Why is the iPhone SE still available?

on Sep13

iPhone SE during an Apple special event at the Apple headquarters on March 21, 2016 in Cupertino, California.

Justin Sullivan | Getty Images

iPhone SE during an Apple special event at the Apple headquarters on March 21, 2016 in Cupertino, California.

But Apple ended up chopping the 6 in favor of the 6S and SE.

Apple could have saved any sixth generation iPhone, but it chose to keep a smaller, simpler phone in the lineup. That means that Apple isn’t just stretching the high end of smart phone prices — it’s betting on expanding the entire price spectrum of its products. Apple also released its cheapest new iPad this year.

While the iPhone SE is rarely discussed on Wall Street and lacks the bells and whistles to impress tech enthusiasts, it’s been been highly strategic for Apple’s business in a few ways.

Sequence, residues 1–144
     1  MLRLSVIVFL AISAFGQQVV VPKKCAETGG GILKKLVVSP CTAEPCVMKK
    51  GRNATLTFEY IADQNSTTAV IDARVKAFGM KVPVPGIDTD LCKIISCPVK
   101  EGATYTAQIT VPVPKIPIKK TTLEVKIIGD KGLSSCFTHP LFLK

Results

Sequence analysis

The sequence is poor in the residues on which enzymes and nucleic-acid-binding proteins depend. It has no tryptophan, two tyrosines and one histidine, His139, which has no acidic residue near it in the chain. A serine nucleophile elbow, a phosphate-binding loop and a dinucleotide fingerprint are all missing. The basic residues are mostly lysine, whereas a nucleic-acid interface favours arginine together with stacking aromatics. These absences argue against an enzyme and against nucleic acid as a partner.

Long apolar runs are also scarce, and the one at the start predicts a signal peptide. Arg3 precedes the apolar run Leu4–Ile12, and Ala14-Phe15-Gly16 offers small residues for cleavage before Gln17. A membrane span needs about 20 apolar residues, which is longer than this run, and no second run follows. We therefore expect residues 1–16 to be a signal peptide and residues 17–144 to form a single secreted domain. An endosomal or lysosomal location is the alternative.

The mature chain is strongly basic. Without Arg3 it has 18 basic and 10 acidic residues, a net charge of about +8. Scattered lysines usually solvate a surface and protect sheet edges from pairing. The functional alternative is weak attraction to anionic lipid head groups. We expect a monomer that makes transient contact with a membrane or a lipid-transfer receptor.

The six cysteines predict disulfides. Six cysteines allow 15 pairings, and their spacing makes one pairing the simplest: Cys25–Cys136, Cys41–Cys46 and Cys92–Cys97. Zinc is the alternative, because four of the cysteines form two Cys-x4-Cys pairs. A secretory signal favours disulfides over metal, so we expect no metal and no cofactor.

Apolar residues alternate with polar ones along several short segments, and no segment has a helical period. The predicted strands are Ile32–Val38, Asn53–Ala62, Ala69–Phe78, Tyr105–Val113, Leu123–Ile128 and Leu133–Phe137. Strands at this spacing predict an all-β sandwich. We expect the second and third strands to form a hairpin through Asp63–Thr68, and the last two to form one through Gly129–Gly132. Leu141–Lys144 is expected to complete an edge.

For instance, the lower priced iPhone SE saved Apple from a grim earnings outlook last summer when the cheaper phone helped it sell more phones than Wall Street expected.

And the assembly of the iPhone SE in India has helped the company break into the retail market there and access a huge population.

The move could reaffirm Apple’s commitment in markets like China and India, where it faces steep local pricing competition.

Apple’s commitment to these countries is also shown in how it’s handling the rollout of the high-end iPhone X, which will ship weeks later than the cheaper models because of supply constraints.

Apple could have done what it did with the iPhone 6, and rolled out all the new phones to the U.S. first, then waited on China. But instead, it’s delaying the entire worldwide launch so it can ship the X everywhere.

In other words, India and China are markets worth catering to, even if that means offering more price points and later release dates.

Still, not everyone agrees that Apple’s $999 iPhone X is going to make it in China.

“This price point is really making it clear that this is a first-world product,” said Kim Forrest, Fort Pitt Capital Group on CNBC’s “Closing Bell” on Tuesday. “And moving into China is probably not going to happen, like a lot of the Apple bulls have been counting on. So you have a replacement market at this point.”



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